Today is the 67th birthday of Mary Louise “Meryl” Streep, a woman who is so deified in the popular imagination that we have decided to collectively forget that The Giver ever happened. She is of course considered the best actress of her generation, slipping on an accent as easily as the rest of us put on a pair of socks, and known far and wide for an ability to conjure an Oscar nomination every year she appears in a movie, even if the movie is just not that great.
But when I think of Meryl Streep, it is not on the red carpet, at a Hollywood premiere, or kissing her mysterious and little-seen husband Don Gummer. It is among the pots and pans, the refrigerator and the immersion blender, the food processor that is collecting dust and the dish towels that were a gift and can’t be thrown away no matter how ugly they are. It is Meryl in the kitchen, which is such a thing that there is a single-serve Tumblr about it.
Yes, Meryl Streep, at least in her movies, always seems to be creating a scene in the kitchen. So today we celebrate Meryl, not by giving her another bloody award, but for being the most consummate onscreen hostess there is.
As in life, there are many phases of Meryl’s relationship to the kitchen. Look at her in Manhattan, making dinner for her and Woody Allen’s son while ignoring her ex’s problems. This is the scraggly New York kitchen of youth, complete with experimental lesbian phase. We see more of these kitchens in Kramer Vs. Kramer and Silkwood—a woman who doesn’t have much, but has mastery over her space. She can’t afford to leave her home, so she’s trying to make the most of it there, even though it’s a struggle. In her sad deliberate kitchen in A Cry in the Dark, things are so desperate that she doesn’t even notice when a dingo eats her baby.
But as Meryl and her characters climbed in success, notoriety, and a bit of age, they venture out into the world. In She-Devil she was exactly the kind of woman who would never spend even a moment doing such pedestrian chores as baking. The same goes for Death Becomes Her, where she literally gets a hole blown through her before she would be caught dead boiling an egg. In The River Wild she’s too busy fending off Kevin Bacon in the wilderness and saving her son’s bacon amid those rapids to actually cook literal bacon.
Slowly, though, she is reintroduced to her favorite interior setting starting in movies like One True Thing, The Hours, and Bridges of Madison County, but the context is different this time around. She’s not in her kitchen because she has nowhere else to go, or nothing else to do. She has conquered the world and is back in the kitchen by choice. Now we see the Meryl in a beautiful room full of expensive appliances, copper cookware, and a family to care for. Julie and Julia, for one, falls squarely in this period. Meryl is not only situated in the most elaborate kitchens of any of her movies, but she’s playing Julia Child, master French cook and American icon.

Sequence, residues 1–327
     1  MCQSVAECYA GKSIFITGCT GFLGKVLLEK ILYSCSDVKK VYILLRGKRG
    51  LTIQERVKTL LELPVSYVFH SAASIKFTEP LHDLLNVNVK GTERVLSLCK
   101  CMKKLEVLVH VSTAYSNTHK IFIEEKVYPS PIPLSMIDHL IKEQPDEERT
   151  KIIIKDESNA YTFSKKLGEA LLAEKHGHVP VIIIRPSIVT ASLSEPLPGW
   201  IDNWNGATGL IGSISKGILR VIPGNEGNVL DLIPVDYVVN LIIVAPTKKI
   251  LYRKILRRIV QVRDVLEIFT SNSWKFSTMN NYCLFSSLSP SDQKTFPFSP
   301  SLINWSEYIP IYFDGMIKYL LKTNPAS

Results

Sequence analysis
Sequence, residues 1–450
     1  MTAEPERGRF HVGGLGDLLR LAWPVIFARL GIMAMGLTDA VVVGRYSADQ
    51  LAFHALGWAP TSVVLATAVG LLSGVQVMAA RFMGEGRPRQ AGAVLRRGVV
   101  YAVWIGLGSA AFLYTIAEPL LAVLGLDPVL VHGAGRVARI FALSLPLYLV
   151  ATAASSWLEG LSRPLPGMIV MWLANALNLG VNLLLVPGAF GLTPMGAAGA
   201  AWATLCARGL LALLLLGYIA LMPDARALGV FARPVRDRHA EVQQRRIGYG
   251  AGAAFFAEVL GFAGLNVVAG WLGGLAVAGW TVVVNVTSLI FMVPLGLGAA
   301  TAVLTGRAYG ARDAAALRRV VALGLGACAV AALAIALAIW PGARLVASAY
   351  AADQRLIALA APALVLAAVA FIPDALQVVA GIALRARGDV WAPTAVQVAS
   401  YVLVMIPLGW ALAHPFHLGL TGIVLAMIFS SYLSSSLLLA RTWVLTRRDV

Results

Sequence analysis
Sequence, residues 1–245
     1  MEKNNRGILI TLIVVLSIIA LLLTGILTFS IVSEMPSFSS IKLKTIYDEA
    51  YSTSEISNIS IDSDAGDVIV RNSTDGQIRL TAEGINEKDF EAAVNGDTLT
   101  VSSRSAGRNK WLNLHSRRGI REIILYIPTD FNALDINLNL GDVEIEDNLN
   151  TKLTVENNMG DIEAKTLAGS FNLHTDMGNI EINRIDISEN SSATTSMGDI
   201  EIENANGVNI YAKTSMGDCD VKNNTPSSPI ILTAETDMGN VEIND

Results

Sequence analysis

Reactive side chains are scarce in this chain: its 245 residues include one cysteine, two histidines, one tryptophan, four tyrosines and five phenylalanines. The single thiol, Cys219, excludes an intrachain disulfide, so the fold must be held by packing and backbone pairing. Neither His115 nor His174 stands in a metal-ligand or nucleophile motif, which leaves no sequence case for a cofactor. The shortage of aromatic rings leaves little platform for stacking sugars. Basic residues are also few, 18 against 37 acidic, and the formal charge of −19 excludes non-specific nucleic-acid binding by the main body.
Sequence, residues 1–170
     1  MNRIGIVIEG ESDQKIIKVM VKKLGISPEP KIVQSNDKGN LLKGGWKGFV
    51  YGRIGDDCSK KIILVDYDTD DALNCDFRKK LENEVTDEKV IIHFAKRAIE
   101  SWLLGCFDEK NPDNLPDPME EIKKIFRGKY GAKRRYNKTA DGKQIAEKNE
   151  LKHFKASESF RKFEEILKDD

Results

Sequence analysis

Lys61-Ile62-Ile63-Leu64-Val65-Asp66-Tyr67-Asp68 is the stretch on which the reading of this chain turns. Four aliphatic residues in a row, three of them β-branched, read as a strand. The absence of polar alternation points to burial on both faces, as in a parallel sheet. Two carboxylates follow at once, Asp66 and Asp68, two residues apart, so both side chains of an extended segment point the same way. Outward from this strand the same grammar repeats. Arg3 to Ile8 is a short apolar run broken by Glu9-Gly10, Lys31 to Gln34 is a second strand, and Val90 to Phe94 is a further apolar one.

This is the Meryl that we all love now—the one standing amid the Nancy Meyers kitchen porn of It’s Complicated. To us, she so fully inhabits the image of the upper-middle-class suburbanite that at times it feels like like every movie she’s in is a Nancy Meyers movie, but in fact there is only one. Even when Meryl is playing a loser, as she does in Ricki and the Flash, she can still be found backgrounded by the floral wallpaper of someone’s breakfast nook, sipping orange juice and tussling with family trauma. She would look out of place anywhere else.
This is what draws us in about Meryl. She’s the warm host who is as quick with a song from Mama Mia! as she is a monologue from Doubt. She laughs, she scolds, she entertains both in the theatrical sense and the Martha Stewart sense. She is everyone and at the same time she is the best of all of us.
Let's be clear: None of this is to suggest that Meryl belongs in the kitchen. It just happens to be where she’s at her best. And we all want to gather with her there, and maybe never leave.
Meryl Streep and Emily Blunt confess their crushes: